When they received our Health Award, Douglas Maclagan and Dr. Ashok Banskota joined us in New York City. Now, we are coming to them.
It’s a beautiful morning in Kathmandu, Nepal. Taxis idle outside of hotels to wait for tourists to roll out of bed. Rickshaws trundle up crowded streets underneath a myriad of colorful signs that advertise in English.
On Sunday, co-founders Harry Leibowitz and Kay Isaacson-Leibowitz, along with Celebrity Ambassador Stephanie March, will be among the foreigners taking in the awe-inspiring sights of Swayambhunath Stupa and Durbar Square.
However, sightseeing is not their main reason for going. The majority of the trip will be spent visiting 2011 Health Award Honoree Dr. Ashok Banskota and 2009 Health Award Honoree Douglas Maclagan. On behalf of our supporters, they will hold the little hands of children directly helped by our Award.
“We are so excited about being with the children,” Kay said, “and reinforcing to our Honorees that they are forever part of our World of Children family.”
Harry and Kay will travel to Nepal by way of Delhi, India before heading to Kathmandu. Dr. Banskota’s Hospital and Rehabilitation Centre for Disabled Children (HRDC) sits just beyond Kathmandu’s crowded streets. Compared to the nearby metropolis, the HRDC is a quiet oasis where disabled children can comfortably rest and receive the specialized treatment they so desperately need.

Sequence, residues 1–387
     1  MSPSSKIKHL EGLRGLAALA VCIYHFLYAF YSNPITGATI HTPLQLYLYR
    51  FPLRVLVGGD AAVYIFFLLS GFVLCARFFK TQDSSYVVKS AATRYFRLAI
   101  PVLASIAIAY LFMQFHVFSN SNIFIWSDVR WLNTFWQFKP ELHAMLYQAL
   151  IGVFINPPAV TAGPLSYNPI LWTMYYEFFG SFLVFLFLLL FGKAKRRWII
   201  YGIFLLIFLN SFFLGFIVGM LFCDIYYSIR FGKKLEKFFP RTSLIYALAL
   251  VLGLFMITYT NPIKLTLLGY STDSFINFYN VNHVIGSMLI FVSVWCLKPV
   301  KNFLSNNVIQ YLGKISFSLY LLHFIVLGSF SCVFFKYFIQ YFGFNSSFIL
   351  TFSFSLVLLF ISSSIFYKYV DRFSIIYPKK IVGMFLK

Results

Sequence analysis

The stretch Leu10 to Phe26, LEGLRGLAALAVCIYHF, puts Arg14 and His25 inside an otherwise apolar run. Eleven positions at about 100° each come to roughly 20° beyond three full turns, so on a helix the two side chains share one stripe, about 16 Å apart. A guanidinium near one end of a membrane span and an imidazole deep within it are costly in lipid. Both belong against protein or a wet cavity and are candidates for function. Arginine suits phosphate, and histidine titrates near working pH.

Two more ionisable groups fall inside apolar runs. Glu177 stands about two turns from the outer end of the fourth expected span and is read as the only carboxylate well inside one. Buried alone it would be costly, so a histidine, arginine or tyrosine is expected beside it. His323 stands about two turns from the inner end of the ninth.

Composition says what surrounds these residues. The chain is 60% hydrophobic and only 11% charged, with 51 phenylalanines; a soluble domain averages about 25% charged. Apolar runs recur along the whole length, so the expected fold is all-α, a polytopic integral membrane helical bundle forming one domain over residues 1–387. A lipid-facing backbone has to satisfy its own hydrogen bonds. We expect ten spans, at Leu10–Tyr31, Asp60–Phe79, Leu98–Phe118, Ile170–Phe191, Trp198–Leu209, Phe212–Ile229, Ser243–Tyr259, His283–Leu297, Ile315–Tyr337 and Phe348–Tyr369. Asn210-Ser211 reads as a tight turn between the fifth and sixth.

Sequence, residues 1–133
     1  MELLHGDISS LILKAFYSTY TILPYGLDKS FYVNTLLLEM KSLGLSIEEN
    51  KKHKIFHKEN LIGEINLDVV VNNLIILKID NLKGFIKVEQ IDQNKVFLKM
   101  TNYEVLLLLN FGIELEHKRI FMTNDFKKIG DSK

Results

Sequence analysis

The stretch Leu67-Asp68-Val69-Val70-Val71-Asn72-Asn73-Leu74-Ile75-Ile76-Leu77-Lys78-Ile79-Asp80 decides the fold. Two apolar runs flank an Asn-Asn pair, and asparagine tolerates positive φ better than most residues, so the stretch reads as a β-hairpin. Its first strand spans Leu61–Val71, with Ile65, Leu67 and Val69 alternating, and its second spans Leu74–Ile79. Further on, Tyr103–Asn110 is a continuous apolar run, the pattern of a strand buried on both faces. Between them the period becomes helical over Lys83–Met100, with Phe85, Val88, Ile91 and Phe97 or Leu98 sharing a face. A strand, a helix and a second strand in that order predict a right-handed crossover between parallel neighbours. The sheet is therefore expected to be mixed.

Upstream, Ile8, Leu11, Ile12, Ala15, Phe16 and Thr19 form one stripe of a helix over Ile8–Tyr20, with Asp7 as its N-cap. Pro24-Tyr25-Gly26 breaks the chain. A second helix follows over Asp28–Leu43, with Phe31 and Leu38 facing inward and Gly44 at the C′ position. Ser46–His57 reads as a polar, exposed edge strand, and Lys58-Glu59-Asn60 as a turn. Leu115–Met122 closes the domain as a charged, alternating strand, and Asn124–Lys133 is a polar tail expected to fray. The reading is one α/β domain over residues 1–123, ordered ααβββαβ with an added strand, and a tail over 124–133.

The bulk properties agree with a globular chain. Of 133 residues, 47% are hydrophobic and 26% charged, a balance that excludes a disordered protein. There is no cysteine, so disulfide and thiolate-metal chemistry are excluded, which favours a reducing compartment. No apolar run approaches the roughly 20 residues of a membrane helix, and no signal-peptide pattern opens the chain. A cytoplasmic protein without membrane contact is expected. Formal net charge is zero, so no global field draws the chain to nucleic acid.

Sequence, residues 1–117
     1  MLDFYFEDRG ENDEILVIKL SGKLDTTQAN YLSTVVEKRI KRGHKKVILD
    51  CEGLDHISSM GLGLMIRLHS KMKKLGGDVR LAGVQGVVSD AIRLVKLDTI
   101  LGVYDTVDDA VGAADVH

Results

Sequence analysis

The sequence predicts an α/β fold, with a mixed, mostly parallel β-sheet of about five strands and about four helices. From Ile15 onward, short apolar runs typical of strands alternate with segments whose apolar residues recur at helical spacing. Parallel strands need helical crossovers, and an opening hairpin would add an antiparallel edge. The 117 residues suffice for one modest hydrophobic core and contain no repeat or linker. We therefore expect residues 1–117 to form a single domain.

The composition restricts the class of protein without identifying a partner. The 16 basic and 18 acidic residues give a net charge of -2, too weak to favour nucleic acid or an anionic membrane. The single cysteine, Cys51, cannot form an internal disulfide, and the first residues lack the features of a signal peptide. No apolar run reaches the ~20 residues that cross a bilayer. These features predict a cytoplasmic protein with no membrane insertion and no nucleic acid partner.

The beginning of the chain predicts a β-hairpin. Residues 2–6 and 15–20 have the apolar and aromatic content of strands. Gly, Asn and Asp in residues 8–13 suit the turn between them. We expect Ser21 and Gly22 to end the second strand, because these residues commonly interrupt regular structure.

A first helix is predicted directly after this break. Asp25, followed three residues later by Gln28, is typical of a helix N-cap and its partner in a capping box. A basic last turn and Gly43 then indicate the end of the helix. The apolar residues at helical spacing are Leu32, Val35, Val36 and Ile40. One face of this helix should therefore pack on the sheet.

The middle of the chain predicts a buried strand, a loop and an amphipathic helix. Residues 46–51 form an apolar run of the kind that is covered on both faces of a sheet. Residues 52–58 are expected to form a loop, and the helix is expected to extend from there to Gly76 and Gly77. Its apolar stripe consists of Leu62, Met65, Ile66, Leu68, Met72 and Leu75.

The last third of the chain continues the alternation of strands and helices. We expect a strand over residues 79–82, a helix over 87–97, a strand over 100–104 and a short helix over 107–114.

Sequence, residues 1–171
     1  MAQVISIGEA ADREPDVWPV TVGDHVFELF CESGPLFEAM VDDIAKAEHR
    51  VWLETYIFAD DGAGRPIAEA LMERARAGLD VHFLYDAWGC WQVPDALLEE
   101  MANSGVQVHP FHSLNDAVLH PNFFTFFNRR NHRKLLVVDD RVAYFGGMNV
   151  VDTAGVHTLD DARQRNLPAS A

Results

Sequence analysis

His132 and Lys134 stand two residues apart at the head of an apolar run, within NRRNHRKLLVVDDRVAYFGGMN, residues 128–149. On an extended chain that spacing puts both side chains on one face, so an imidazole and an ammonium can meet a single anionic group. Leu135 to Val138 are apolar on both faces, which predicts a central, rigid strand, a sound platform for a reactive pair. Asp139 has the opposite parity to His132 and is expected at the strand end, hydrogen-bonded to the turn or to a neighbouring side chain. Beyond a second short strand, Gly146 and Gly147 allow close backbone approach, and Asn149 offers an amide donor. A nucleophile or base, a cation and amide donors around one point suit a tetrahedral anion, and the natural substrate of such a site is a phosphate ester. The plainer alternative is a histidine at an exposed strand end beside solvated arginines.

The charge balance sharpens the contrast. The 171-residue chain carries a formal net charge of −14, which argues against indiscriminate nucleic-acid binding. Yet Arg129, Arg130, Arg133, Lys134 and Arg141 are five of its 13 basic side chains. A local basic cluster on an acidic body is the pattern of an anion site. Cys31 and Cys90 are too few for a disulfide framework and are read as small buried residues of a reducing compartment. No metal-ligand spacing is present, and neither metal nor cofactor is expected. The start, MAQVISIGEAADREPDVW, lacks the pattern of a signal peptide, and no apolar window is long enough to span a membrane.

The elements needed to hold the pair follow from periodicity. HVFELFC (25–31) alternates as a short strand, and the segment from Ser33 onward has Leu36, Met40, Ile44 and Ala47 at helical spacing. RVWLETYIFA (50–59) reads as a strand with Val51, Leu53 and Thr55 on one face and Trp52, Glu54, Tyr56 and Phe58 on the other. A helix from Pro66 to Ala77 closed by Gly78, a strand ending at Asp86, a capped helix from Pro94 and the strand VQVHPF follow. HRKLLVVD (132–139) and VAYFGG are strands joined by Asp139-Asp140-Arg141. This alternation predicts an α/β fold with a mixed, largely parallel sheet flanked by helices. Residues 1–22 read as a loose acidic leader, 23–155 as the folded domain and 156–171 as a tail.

“When I returned to Nepal in the 70s, I didn’t come back with a grand plan,” Dr. Banskota admitted. “The overwhelming need that I saw made my decision to stay and work in Nepal very easy. It has been a long and difficult struggle, but one that has been totally worth it.”
On the itinerary:
Heading northwest along the mountains will eventually bring you to Pokhara, a city that seems a bit too humble for such a stunning Himalayan backdrop. Here, Douglas Maclagan begins each day with a mission: to ensure every child in Nepal has hope for the future.
“I was determined to help and asked the villagers what they needed most,” said Douglas, explaining why he started the Child Welfare Scheme. “They needed a safe place for children to play while they worked in the field and access to free, basic health care.”
On the Itinerary:
Join us next week (July 15th-20th) for an exclusive glimpse into Nepalese culture, the lives of our Honorees, and a personal introduction to a few of the children who have brighter futures ahead, thanks to you.
We’ll be sharing beautiful photos and inspiring stories all week long. Be sure to check in on our blog and follow us on social media: